The Bounty of Umbria
We are spoiled here in Umbria because every season brings such abundance of wild food. In autumn you are truly overwhelmed with the free food on offer. You don’t have to stroll far into the woods to find chestnuts, rose hips, sloes, wild grapes and the crowning glory, the mushroom.
Here in the kitchen at Il Borgo di Olive we are so lucky to be able to celebrate the bounty of the season and on tonight’s menu we are celebrating the porcini mushroom. These nutty-flavored mushrooms have brown caps and a thick white stalk. They can be huge, and some of these delicious specimens have caps reaching almost 6 inches (15 cm) – they are almost too pretty to cut into.
Chef Alessandro is treating our diners to chanterelle and pioppini mushrooms as well. The little pioppini with their dark brown caps and long white stems will feature in each course thanks to the depth of flavor offered by these mushrooms.
We start this feast with a little ball of deliciousness – a stuffed olive rolled in a truffle crumb on a bed of pureed ceci (chickpeas). This is followed by carpaccio of beef served with a delicious assortment of the mushrooms which have been marinated in lemon finally topped off with generous shavings of pecorino cheese.
For me the highlight of the dinner (ok, the savory part of the dinner) was the silky pasta made of buckwheat. In Umbria we are spoiled with amazing pasta made from many different grains. Prior to tasting this pasta my favorite pasta was made from farro. Watching Chef Alessandro effortlessly twirl the pasta using tongs was a treat, I shall only ever serve pasta this way! The luscious porcini, tomato and thyme sauce clung to each piece of pasta making each bite a real treat.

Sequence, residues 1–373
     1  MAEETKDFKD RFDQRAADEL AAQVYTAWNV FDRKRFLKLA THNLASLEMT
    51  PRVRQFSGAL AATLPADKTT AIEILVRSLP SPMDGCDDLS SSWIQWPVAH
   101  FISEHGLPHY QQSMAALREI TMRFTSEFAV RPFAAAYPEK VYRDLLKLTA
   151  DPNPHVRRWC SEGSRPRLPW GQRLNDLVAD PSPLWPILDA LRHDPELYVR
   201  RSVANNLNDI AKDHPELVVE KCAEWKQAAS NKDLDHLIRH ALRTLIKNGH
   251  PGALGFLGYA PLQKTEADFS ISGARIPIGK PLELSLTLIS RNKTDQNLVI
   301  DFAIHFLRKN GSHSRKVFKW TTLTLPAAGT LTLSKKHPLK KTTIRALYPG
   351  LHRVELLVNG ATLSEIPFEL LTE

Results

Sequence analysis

In our part of Umbria we are lucky to have some fabulous butchers and tonight our fillet of pork came from Sandro Tamburini in the neighboring town of Montecastrilli. This time we get a porcini sauce packed with flavor served on a potato rosti and a succulent confit tomato.
To me, the best dessert of autumn is a poached pear and when I walked into the kitchen to a tray of the most beautiful pears which had been poached in Rosso di Montefalco wine topped with a dusting of icing sugar (powdered sugar) I was over the moon. Rosso di Montefalco is a delicious red wine which is comprised of 60-70% Sangiovese, 10-15% Sagrantino, and the remainder from other red grapes which, in my experience, is often Merlot.
These delicate pears were served on a bed of chantilly cream with a crumble of tozzetti biscuits – these resemble what we know as biscotti in the UK and America. In truth, this was for me the highlight of the meal and a wonderful reminder of the autumn season now upon us.
What a lovely meal celebrating our autumn delights here in Umbria. I hear Chef Alessandro is planning a new menu so stay tuned as I will be sharing this in the coming weeks.
A presto, Marisa